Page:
We open up with a dark blindfolded meeting with one connected couple. The conversation is painfully awkward. Initially, this all seems rather at odd with the grander romantic statement that "Access 2014" is generally trying to make. Is this kind of distant, unknown love a total does it all break down when these people are forced into a room together, without having to survive on the various romantic cliches?
To understand that much we need to first consider why the romantic cliches seemed to work in the first place. And I quickly realized why- it was the amount of effort involved. Making romantic gestures is hard. You have to put careful thought into what you want to do, and also bear in mind that the other person may not be receptive to the gesture. Every one of the gestures we see this episode bears a certain amount of risk. It's easy to see that the other person may not like it.
And yet it never feels like this in the program's actual presentation. Why is that? Well, because everybody's optimistic. Every time someone gets a gift from their romantic opposite, they're excited and curious. "Access 2014" makes it look like this is the natural state of affairs for such romantic gestures. But consider the first episode, where it's noted that most people are in fact unwilling to engage in a romantic relationship with someone they can't actually see.
More than that, though, consider your own life, and the kinds of sacrifices we're supposed to make for the sake of our love lives- and one of these is quite explicitly, pretending like we don't care. Don't act desperate, don't be too interested. Nobody likes it when people get too emotionally involved over nothing. And nothing can cover a lot. There's plenty of people these days who don't even consider sex to be a justifiable reason for someone to act emotionally attached and clingy.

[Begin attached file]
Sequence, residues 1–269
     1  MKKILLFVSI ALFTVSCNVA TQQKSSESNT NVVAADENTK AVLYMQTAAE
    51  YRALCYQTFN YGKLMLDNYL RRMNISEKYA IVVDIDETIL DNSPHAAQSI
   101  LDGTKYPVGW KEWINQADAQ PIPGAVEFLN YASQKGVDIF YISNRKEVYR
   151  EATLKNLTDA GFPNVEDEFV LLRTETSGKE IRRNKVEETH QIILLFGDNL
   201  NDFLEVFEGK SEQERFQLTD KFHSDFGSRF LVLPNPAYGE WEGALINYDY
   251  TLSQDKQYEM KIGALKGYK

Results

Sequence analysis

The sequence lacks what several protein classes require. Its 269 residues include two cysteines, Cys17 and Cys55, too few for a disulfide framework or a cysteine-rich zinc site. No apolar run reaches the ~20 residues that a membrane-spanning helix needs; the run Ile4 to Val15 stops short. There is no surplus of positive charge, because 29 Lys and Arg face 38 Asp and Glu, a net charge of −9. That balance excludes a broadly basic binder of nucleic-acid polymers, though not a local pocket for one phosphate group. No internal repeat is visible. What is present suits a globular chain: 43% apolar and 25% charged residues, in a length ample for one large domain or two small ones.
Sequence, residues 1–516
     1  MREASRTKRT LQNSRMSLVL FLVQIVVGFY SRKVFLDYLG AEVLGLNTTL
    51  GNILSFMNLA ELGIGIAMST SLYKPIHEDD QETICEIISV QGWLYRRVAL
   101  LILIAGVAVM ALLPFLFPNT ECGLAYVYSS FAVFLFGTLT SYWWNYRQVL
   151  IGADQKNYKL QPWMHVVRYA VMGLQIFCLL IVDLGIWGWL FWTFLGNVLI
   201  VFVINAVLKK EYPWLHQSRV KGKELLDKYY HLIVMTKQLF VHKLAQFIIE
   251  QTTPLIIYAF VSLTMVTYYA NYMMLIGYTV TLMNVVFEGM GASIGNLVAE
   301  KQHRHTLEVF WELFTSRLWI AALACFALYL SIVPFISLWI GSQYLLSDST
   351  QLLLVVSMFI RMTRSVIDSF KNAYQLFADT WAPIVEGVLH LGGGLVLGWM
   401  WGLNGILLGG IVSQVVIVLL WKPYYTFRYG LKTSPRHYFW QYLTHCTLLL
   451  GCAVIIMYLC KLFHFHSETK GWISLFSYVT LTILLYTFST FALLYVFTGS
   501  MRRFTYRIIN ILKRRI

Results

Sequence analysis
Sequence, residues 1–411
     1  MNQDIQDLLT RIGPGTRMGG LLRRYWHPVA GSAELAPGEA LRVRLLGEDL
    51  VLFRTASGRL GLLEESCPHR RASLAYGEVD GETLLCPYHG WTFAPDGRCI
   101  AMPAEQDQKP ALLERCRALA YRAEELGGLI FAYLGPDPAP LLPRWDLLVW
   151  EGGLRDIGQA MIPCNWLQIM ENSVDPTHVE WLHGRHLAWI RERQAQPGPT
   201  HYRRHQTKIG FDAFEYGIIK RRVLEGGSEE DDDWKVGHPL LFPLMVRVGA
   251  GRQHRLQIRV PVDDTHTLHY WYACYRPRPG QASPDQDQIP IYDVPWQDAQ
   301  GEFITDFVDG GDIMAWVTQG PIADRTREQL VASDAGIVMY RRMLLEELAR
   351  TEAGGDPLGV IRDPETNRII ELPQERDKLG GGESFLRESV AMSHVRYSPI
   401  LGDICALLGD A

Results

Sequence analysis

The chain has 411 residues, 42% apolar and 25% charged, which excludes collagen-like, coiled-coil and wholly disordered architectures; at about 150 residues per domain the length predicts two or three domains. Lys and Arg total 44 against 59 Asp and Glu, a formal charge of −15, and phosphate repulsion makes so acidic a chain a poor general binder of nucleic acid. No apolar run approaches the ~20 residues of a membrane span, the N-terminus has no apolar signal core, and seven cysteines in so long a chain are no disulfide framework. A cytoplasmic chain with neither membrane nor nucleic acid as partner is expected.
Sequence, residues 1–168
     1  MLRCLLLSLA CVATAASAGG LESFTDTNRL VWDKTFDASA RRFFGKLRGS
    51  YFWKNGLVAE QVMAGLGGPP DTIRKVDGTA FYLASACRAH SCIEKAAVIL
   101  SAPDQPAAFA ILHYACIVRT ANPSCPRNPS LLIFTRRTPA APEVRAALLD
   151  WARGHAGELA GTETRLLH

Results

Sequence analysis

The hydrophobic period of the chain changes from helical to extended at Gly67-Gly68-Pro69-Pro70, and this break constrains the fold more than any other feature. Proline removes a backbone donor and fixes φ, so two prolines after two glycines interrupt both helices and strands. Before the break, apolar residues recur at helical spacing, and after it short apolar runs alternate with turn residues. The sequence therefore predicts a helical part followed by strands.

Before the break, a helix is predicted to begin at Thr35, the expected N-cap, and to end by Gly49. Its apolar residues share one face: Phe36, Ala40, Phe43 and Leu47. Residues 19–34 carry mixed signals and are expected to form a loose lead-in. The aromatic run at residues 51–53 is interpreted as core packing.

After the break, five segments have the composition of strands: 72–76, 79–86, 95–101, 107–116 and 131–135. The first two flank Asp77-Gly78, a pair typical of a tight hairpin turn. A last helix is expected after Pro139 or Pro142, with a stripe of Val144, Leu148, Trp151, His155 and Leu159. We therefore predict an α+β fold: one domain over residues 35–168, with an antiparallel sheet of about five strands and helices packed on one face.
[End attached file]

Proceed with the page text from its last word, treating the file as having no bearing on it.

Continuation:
Consider all of that, and then think back to the opening of this episode, that awkward conversation in the dark. Are awkward conversations really so terrible? Do they really prove incompatibility? Aren't they just a natural excess, of a modern dating culture that encourages us to keep our feelings guarded? "Access 2014" never directly asks any of these questions. It's very committed to the mission statement of just examing the possibly of making contact from a distance and still being able to find a connection. The idea is abstract and interesting, and offers up a lot to think about.
Review by William Schwartz
Staff writer. Has been writing articles for HanCinema since 2012, having lived in South Korea since 2011. Started out in Gyeongju, then to Daegu, then to Ansan, then to Yeongju, then to Seoul, lived on the road for HanCinema's travel diaries series in the summer of 2016, and is currently settled in Anyang. Has good tips for utilizing South Korea's public bus system. William Schwartz can be contacted via firstname.lastname@example.org.
"[HanCinema's Drama Review] "Access 2014" Episode 2"
by HanCinema is licensed under a Creative Commons Attribution-Share Alike 3.0 Unported License.
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